Murder charge dismissed against Saudi resident - KCTV5

Murder charge dismissed against Saudi resident

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WARRENSBURG, MO (KCTV) -

A murder charge against a Saudi man has been dropped, and he is now a free man.

The Johnson County Prosecutor's Office dismissed the case against Ziyad Abid, 24, who was accused of paying to have popular bar owner Blaine Whitworth killed.

The blockbuster announcement came Friday morning. There had been much dispute over bond for Abid with the Saudi government putting up a $2 million bond, but he wasn't freed. The Missouri Attorney General's Office had also become involved in the case.

"We are thrilled that this nightmare is behind us," Abid's defense attorney, Pat Peters, told KCTV5 News. "There isn't a case against our client because he's innocent."

The victim's mother said the prosecutor's decision makes their grieving process that much harder.

Abid was released Friday afternoon from a county detention facility. He was given into the custody of federal immigration authorities, who then allowed Abid to go free at 4 p.m. Friday on his own personal recognizance.

Earlier Friday morning, in a terse news release, Prosecuting Attorney Lynn M. Stoppy said evidence in the criminal investigation had changed.

"Very recently, our understanding of evidence previously obtained from a critical witness has changed. As a result, the state is currently left without sufficient evidence to support the prosecution at this time," Stoppy said.

Warrensburg Police Chief Bruce said he and his officers are disappointed by the dismissal.

"As a law enforcement agency, our job is to investigate crimes to the fullest, and then not intercede in the prosecution process, once the case has been turned over to them," Howey said. "We have full faith and the utmost respect in our prosecuting attorney, and the state attorney general's office and the difficult decisions they have to make."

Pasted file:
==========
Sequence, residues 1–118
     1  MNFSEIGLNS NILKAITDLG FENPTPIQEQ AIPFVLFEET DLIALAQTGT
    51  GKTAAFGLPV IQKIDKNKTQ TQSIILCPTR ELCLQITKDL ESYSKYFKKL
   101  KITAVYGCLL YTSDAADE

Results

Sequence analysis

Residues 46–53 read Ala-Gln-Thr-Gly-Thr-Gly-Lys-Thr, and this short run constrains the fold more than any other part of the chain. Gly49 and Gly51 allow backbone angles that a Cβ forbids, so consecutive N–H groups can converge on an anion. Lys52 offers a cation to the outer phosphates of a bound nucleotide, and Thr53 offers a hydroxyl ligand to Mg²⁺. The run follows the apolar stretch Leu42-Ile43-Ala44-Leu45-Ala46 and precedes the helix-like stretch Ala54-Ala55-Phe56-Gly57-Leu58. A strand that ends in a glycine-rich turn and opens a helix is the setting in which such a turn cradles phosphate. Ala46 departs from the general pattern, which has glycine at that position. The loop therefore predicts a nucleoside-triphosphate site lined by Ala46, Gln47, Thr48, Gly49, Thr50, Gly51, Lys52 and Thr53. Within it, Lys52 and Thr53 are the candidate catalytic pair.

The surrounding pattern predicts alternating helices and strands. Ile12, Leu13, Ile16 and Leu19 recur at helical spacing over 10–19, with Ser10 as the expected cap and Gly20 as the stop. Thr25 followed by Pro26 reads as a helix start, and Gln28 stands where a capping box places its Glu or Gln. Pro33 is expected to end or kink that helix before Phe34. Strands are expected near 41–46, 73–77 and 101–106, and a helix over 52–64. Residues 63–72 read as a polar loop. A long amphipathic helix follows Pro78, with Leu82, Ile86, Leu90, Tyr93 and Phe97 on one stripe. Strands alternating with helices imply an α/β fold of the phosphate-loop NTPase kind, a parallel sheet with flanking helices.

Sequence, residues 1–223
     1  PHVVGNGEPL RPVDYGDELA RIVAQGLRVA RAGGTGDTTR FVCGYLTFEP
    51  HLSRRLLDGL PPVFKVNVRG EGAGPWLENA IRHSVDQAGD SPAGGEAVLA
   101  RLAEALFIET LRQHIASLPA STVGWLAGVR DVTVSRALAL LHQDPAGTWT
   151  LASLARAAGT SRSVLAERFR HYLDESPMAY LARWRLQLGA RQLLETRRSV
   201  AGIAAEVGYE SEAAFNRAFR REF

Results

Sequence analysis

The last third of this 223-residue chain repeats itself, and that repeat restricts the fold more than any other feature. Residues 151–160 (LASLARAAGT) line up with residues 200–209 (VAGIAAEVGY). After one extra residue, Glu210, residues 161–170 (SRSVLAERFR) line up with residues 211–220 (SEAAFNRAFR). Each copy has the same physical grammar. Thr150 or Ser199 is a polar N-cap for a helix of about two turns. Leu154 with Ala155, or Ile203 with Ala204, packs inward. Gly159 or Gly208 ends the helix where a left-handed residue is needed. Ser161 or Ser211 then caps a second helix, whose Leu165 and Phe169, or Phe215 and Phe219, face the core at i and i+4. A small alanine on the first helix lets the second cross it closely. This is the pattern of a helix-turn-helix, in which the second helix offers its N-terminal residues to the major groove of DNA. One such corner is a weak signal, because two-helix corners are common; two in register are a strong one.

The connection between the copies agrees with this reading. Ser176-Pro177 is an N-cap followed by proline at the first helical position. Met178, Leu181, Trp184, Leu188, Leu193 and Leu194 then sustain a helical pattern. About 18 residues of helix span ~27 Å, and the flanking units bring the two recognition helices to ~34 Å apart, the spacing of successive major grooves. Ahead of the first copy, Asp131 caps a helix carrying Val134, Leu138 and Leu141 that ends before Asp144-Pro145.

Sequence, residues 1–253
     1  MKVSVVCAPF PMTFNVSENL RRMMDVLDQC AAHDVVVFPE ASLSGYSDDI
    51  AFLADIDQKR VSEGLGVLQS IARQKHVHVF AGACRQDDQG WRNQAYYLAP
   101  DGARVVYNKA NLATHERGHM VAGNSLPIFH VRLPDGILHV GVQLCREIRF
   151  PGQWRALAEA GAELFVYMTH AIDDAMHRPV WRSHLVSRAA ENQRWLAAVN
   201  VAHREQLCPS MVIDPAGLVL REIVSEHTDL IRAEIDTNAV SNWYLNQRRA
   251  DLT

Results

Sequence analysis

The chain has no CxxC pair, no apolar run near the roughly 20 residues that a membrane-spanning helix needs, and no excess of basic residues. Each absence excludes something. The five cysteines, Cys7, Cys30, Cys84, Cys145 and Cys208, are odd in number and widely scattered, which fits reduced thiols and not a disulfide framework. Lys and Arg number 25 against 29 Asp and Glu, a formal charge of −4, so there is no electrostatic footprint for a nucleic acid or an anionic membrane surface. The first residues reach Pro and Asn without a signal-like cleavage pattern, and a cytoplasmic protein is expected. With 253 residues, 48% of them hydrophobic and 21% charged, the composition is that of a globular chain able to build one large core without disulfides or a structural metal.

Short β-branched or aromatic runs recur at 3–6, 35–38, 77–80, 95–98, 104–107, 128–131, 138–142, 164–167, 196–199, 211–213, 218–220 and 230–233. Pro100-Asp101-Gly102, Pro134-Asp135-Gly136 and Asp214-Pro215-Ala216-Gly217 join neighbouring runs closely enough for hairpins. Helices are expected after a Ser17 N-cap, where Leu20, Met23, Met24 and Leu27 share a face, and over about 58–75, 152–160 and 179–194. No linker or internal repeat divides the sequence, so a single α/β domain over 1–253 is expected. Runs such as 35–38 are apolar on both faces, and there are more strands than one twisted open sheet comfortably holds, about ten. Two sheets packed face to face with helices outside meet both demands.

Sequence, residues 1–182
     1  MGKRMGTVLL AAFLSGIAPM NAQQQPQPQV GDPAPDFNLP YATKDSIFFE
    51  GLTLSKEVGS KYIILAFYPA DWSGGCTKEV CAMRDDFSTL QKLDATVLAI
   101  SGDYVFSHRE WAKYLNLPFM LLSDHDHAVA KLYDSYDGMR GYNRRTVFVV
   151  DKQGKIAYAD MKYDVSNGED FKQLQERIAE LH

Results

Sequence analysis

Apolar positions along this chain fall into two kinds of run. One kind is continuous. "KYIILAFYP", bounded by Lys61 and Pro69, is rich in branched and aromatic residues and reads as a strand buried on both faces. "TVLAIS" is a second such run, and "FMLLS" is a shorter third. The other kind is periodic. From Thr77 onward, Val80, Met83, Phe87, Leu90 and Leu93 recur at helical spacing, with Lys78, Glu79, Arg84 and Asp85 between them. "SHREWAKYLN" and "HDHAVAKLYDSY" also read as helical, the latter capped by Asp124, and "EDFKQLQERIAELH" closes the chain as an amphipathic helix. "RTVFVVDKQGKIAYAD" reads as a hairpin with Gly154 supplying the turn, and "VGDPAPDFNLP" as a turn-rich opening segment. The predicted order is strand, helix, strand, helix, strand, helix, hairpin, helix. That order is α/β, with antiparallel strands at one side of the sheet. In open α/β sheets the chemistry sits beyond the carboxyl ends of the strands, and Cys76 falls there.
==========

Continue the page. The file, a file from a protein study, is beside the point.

Whitworth was found lying in the driveway of his home on Sept. 1. He had suffered gunshots.

Charges were filed late Wednesday afternoon against Reginald L. Singletary, 27, of Warrensburg. Both men were charged with first-degree murder and armed criminal action.

Both suspects had been questioned. Singletary told police that Abid paid him to kill Whitworth, according to court documents. Abid and Singletary were roommates. A motive has never been fully explained.

Abid was studying aviation at the University of Central Missouri. His goal was to become a pilot like his father back home in Saudi Arabia.

Because of the pending case against Singletary, Howey said he could make no further comment.

Peters said questions about Singletary's credibility, his claims and his ever-changing stories led to the dismissal of the charges. He said he believes Warrensburg police had coached Singletary on the statements he made.

"From the beginning of this case, the reason the case was charged were the statements of Reginald Singletary. And the prosecutor has determined that he's unworthy of belief," Peters said. "Police told Reginald Singletary what to say."

Peters also thinks because his client is a Saudi national that the case was treated differently.

While Abid was being held in jail, his student visa expired. That put him in immigration violations, Peters explained.

Once the process of getting the paperwork associated with the criminal charges being dropped, Peters said Abid will have to deal with the immigration violations. He hopes that can be resolved quickly, and his client released from custody.

Abid may not leave the country immediately. Peters said he has rights violations to get vindicated, and declined to say whether he will pursue lawsuits against Missouri for the prosecution. He will also have to decide what to do about his aviation training, he said.

"He is a 24-year-old Saudi, who has been put through hell. I don't know what I would do. He has some decisions to be making," Peters said. "It just hit today ... We thought we were headed in this direction, but we didn't think it would occur this quickly."

The news of the dismissal upset many who live and work in the Warrensburg area. Some said Whitworth needs justice and wonder if the United States government got involved because of Saudi Arabia.

"This town, I think, is outraged because I think what's happened has been an injustice. It seems to me that from the start nobody's ever wanted to try this case," he said. "It seems like the fix has been in."

Mike Bodenhamer said Whitworth "was a great kid," and he is "extremely disappointed" in the dismissal.

"I think it makes it a little worse because allegedly the guy is still out there," he said.

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